Jessica Nathanson and I would check in with each other every so often. We connected, naturally, on Facebook, through her brother Jared, and she followed the Marathon B4 Mastectomy journey very closely. When I was debating reconstruction, Jessica warmly chimed in that my reconstructed breasts would not define me — I defined me. My heart skipped a beat every time I saw a Facebook Notification that Jessica Nathanson had commented on my status updates. I thought of Jessica often, and I “creeped” on her Facebook just to see what she was up to, what she was writing, and what she was thinking.
I don’t remember if I ever thanked Jessica for being there for me. I never told her how much I read her blogs, how much her writings etched their way into my heart. And I never told her how much it meant to me that she even took the time to read my posts or read my status updates on Facebook. I never held her hand, beyond virtually. I never broke down into a mush of tears and thanked her for being a rock in the foundation of my mastectomy journey. I never went back into my Facebook archives to see how many times she “liked” a post or left a note.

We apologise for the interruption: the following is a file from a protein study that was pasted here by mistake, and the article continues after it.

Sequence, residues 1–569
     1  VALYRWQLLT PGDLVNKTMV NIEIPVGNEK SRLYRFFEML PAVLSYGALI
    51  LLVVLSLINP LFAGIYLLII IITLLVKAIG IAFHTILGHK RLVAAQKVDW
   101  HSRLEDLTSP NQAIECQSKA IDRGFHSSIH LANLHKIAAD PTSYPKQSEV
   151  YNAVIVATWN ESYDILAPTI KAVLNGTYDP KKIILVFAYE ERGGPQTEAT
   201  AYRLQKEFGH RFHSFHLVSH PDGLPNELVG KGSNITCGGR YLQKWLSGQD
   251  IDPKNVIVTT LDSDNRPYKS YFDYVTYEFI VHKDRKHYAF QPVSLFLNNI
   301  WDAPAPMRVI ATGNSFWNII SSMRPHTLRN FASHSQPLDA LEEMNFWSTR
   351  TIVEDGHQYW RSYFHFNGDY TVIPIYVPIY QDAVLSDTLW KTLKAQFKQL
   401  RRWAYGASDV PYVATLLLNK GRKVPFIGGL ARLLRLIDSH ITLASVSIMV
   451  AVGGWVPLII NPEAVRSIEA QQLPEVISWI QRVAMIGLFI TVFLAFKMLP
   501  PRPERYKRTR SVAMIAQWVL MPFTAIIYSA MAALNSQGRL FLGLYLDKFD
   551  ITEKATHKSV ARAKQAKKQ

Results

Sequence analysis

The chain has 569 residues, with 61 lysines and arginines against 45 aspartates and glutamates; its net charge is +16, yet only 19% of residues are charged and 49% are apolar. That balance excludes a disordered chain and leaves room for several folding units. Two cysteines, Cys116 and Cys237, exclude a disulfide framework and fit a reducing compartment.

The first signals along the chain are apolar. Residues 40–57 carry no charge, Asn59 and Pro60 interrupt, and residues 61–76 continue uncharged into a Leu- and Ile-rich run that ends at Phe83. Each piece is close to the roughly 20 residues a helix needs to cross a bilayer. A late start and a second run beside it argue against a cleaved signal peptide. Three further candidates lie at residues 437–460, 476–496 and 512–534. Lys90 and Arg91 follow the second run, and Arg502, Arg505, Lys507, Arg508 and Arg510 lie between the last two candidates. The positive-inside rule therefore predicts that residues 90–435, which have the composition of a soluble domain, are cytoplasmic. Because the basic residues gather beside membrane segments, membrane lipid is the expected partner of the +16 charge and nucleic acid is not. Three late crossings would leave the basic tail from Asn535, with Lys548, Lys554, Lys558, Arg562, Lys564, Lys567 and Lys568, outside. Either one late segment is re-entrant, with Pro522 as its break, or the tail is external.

This morning, via her brother Jared, Jessica died. She had battled a recurrence of breast cancer — a fact that I completely missed — and passed on from this world. I never got a chance to tell her how much she meant to me.
I did a quick Google search for Jessica’s name, just a few hours after Jared had announced her passing, and the search engine brought up post after post after post of Jessica’s contributions to our world. Women’s organizations, professors, bloggers — all wrote about Jessica.
Through feminist mascara and newly minted eye liner, our world is smudged. Jessica left a fingerprint — a footprint — of love, honor, and righteousness, on the reddened, swollen cheeks of us all tonight. And forever.
Thank you, Jessica, for your bravery to stand against hate; and your courage to live with love.
Peace, love and preserving a smudged world,